I am answering the question, “What can I do?”

I want to begin this entry by stating that I am not the biggest fan of “self-help” or the Oprah-esque motto that we should always be living our best lives. I think life is recursive and akin to writing – constantly in a state of revision, never devoid of imperfection, always in drafting mode and never final.

That being said, this blog post is going to be the closest thing I write to a self-help, life-hack, live your best life, how to fucking YOLO! piece of writing. Over the last few months, I have found myself in social situations where friends have expressed their concern about the state of national dialogue and the questionable decisions made by our newly elected administration.

The discussion, without fail, always pivots to an on-going question of what can I do? Should I send my leftover NSYNC Christmas cards from 2003 and hand write shit like “Don’t say Bye, Bye, Bye to the Affordable Care Act”? Should I plan another gay dance party in front of Mike Pence’s house? Should I make another protest sign? Most of all, is this sustainable?

I’ve thought a lot about the question and have made a few adjustments to my personal life over the past few months. In my own search to the what can I do question, I’ve come up with my answer that I’ll be sharing in this piece – that through reflection, we should foster and harness our individual talents to contribute for the betterment of our world. Oprah probably said this first, but whatever.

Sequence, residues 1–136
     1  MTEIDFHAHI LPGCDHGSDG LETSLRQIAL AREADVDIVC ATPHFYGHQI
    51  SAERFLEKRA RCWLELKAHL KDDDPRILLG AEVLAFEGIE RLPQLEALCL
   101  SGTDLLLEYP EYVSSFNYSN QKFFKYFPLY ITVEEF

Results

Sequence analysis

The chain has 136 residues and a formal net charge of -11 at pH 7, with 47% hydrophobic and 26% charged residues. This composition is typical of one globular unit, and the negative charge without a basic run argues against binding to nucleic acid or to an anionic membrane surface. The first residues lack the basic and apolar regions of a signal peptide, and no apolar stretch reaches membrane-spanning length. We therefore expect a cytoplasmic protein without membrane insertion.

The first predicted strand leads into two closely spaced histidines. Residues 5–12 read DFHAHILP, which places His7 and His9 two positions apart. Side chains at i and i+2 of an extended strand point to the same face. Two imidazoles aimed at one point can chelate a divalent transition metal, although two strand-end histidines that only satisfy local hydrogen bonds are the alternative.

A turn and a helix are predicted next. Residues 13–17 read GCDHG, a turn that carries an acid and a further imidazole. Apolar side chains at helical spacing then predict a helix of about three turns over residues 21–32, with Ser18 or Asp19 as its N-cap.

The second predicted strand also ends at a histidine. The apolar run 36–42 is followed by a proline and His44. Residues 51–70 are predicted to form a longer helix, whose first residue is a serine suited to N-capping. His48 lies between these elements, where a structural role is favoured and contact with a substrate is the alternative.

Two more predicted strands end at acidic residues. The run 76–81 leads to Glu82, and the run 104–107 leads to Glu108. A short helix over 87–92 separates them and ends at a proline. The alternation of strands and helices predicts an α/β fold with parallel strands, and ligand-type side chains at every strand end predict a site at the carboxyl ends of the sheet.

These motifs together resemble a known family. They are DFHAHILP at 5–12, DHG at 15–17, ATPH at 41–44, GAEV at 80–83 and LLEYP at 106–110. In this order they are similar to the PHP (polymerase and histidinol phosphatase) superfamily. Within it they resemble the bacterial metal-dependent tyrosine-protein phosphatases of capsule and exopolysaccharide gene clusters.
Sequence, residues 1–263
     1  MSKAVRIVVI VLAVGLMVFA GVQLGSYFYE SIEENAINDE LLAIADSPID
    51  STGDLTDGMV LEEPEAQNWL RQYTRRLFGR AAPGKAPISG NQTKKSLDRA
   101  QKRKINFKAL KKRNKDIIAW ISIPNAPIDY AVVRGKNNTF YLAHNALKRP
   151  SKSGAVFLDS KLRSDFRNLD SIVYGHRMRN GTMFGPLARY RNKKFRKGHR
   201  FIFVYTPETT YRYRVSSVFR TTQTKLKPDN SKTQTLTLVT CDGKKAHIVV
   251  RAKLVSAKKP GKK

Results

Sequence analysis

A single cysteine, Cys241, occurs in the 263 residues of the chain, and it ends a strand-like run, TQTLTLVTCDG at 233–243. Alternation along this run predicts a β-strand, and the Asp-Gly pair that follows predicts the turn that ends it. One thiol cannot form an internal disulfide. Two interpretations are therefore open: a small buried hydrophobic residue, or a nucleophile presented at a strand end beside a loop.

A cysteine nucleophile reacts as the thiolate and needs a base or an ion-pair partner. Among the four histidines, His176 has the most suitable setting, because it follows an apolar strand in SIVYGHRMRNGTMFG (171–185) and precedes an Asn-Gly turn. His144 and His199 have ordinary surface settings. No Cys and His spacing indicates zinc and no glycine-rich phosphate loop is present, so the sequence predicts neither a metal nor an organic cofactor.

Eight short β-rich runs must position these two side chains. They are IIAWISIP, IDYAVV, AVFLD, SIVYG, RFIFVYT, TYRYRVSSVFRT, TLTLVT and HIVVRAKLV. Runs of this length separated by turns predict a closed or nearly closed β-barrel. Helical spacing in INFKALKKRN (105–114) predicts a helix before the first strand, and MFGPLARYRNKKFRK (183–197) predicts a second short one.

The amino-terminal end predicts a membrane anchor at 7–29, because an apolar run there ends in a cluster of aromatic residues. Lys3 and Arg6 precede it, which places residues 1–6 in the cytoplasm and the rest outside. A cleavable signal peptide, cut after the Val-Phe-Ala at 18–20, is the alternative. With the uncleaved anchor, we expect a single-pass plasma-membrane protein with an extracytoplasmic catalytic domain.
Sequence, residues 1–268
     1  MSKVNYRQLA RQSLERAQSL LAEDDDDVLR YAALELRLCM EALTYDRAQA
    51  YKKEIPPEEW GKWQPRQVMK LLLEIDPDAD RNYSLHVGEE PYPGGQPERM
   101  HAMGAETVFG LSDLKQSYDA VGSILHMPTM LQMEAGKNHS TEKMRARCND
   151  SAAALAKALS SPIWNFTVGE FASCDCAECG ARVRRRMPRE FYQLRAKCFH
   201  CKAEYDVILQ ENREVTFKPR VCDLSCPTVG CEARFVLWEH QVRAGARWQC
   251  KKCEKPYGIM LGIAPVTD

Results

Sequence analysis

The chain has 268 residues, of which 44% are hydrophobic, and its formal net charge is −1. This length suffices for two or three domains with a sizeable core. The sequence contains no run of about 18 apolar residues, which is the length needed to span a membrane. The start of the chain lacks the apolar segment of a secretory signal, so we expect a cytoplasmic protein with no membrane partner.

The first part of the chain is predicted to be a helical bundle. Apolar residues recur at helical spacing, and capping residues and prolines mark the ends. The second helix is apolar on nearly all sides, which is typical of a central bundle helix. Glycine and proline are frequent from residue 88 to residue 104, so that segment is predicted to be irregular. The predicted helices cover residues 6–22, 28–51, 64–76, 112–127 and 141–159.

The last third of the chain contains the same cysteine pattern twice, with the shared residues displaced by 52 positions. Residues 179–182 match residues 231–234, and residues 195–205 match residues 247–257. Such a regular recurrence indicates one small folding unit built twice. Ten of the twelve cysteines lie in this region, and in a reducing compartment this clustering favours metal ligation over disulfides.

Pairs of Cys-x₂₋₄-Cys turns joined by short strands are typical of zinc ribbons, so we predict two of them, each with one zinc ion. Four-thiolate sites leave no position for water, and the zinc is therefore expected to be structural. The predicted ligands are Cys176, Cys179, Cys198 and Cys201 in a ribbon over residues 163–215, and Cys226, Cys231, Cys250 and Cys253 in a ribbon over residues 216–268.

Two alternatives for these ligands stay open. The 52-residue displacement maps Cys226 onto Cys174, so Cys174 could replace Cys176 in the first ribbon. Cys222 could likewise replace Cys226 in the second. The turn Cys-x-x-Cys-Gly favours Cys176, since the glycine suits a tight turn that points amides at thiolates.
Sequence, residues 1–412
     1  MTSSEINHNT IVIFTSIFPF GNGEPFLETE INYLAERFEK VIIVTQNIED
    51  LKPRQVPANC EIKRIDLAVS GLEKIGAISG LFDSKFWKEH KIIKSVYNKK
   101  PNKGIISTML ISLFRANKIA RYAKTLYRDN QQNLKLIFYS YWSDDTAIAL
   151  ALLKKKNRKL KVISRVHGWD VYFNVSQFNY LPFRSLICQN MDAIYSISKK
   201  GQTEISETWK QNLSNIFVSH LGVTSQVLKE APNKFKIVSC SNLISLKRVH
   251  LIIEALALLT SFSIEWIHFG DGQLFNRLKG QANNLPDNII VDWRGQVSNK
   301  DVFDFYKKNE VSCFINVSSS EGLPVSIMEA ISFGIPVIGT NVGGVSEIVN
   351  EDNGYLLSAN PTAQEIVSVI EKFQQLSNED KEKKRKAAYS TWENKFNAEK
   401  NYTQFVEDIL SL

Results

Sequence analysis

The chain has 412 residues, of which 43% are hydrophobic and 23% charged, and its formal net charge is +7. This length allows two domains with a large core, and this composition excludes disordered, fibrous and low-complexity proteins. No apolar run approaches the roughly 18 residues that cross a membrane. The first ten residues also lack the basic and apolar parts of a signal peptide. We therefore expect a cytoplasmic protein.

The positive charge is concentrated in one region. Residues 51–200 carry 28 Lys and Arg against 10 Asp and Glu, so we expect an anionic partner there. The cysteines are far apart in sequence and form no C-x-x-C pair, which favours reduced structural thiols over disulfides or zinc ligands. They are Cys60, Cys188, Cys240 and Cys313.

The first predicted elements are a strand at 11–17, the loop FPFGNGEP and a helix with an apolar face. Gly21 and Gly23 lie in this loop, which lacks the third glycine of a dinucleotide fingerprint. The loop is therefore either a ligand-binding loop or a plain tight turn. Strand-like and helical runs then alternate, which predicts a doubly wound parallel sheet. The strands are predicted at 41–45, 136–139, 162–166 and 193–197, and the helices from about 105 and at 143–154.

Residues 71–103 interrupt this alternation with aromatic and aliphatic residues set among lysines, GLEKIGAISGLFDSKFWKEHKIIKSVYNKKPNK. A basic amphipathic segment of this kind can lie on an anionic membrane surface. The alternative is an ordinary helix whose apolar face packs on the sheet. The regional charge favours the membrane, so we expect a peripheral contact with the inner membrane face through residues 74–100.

A what can I do answer in three parts – developing a life philosophy, removing obstacles, and getting your shit together.

Life Philosophy – the Why?

A few months ago, I had a chance to get an advanced copy of Angela Duckworth’s Grit, which has become the latest popularized social psychology idea (and thus the concept everyone likes to shit on these days). Although I would highly recommend reading the entire book and theory in full, she has a six-minute TED Talk that has become wildly viral, summarizes the concept well, and prevents you from having to engage in the perishing, near extinct practice of reading words on paper.